Historically significant? No to Angel Stadium, yes to the Big A sign

The moon rises next the Los Angeles Angels' Big A sign.
The moon rises next to the Big A sign during a game between the Angels and Pittsburgh Pirates in June 2013.
(Mark J. Terrill / Associated Press)

Is Angel Stadium historically significant? No, according to the city of Anaheim.

The Big A sign? Light that baby up, and keep the icon lit.

The architectural reviews were included in more than 2,000 pages of documents released Thursday by the city of Anaheim, all related to the start of an environmental assessment for development of land around Angel Stadium.

The City Council last December agreed to sell the 153-acre stadium site to Angels owner Arte Moreno’s newly formed development company for $325 million, with the price subject to discount. The city and the company are in negotiations over how much affordable housing and open space will be included in the project, how much local labor will be used, and how to pay for required infrastructure, all of which could impact the final sale price.


The Big A sign outside Angel Stadium.
(Jayne Kamin-Oncea / Getty Images)

Moreno has not said whether he will renovate or replace Angel Stadium, but the documents released Thursday make clear the city does not consider the stadium itself to have lasting historical significance. The three major league ballparks older than Angel Stadium — Fenway Park in Boston, Wrigley Field in Chicago, and Dodger Stadium — have been extensively renovated with the intent of preserving the original atmosphere.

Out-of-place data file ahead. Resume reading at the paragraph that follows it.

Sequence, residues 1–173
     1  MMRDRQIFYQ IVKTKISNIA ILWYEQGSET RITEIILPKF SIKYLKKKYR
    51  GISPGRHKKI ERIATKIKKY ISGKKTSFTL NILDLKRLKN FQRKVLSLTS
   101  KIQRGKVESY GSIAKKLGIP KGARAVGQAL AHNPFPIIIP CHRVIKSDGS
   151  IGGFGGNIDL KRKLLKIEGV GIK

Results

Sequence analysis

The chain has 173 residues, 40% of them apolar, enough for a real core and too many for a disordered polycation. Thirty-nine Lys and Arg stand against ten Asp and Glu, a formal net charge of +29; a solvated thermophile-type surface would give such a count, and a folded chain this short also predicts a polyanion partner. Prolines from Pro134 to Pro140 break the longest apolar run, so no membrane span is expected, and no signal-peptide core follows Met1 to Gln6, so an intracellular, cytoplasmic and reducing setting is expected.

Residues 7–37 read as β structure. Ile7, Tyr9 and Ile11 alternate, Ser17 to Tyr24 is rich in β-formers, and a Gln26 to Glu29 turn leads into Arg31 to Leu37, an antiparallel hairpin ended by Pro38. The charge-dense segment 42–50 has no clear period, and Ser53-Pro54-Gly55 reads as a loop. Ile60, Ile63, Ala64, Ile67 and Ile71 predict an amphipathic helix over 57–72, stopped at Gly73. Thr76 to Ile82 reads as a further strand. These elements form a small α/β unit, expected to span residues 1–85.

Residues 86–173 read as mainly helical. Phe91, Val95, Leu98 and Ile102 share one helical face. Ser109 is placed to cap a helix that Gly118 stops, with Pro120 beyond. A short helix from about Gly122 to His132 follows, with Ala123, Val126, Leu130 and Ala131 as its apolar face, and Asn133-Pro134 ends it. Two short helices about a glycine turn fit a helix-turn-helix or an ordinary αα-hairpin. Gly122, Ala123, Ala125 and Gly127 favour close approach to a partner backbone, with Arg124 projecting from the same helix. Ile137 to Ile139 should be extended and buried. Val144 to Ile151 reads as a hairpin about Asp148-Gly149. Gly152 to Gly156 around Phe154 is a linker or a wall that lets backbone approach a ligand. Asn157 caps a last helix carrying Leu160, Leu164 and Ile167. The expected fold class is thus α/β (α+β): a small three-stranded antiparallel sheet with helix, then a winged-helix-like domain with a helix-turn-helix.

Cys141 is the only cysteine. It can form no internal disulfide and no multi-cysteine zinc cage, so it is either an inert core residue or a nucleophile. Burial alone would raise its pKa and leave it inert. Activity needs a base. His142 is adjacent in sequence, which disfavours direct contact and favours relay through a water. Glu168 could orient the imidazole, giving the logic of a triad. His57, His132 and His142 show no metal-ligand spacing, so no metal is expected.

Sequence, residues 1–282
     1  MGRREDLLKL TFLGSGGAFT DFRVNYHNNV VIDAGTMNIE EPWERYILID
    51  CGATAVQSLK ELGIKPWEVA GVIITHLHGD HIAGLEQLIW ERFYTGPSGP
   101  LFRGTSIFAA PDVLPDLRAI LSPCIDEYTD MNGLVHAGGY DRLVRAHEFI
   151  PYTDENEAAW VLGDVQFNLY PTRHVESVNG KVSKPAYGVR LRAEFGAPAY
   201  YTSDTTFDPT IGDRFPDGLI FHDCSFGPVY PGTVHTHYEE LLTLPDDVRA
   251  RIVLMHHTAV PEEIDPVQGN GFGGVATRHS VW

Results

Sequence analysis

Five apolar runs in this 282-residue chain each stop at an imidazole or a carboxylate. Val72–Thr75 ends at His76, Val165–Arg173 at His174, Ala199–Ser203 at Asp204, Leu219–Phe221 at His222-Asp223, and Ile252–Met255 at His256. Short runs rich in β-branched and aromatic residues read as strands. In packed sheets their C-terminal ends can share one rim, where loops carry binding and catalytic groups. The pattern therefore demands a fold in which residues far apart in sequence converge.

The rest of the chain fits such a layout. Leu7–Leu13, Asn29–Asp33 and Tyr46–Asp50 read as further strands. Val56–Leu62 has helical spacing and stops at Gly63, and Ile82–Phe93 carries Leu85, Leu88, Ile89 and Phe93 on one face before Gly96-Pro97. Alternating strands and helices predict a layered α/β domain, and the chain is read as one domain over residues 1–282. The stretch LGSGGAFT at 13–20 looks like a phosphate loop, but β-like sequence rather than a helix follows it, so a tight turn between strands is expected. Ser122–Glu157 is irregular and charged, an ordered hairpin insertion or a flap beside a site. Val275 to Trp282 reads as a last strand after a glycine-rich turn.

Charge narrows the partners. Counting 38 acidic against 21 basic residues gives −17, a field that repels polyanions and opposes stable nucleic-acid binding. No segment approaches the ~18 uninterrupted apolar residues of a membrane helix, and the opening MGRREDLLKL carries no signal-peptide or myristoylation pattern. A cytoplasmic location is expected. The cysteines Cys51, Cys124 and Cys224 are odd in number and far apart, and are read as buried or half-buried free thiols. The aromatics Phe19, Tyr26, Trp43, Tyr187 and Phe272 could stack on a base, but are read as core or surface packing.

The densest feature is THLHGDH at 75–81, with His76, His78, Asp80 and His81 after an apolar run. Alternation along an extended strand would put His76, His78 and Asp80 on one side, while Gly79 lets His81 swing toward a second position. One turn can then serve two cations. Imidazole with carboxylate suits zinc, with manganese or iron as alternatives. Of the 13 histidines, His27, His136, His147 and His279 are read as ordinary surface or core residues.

Angel Stadium has been substantially altered twice since it opened in 1966 — expanded when the Rams came from Los Angeles to Anaheim, then downsized after the Rams moved to St. Louis.

“Although Nolan Ryan set the single season strikeout record at the stadium,” the city’s environmental review read, “the playing field has been significantly changed and is no longer the one on which he accomplished this feat.”

The review also called the Big A an “icon,” based on state and local historical standards, describing the structure as a “significant example of Modern architecture with Googie elements as applied to an A‐frame sign.”

Although the sign qualifies as a “historic resource,” as defined by the California Environmental Quality Act, Moreno is not required to include it in his development of the site, which is expected to include homes, offices, hotels, restaurants, shops, parks and such neighborhood edifices as a grocery store and fire station. Nonetheless, spokeswoman Marie Garvey said: “The Big A will be part of our project.”

Said the city report: “When it was constructed, the 23‐story scoreboard/sign topped by a lighted halo was the tallest structure in the region and, because of the scoreboard/sign’s unique design and high visibility, the new stadium immediately garnered the nickname ‘the Big A.’ The relocation of the Big A next to the freeway in 1979 only enhanced its communication function and visibility. To the millions of people traveling the freeway, the Big A is easily one of the most recognizable identifying features in Anaheim.”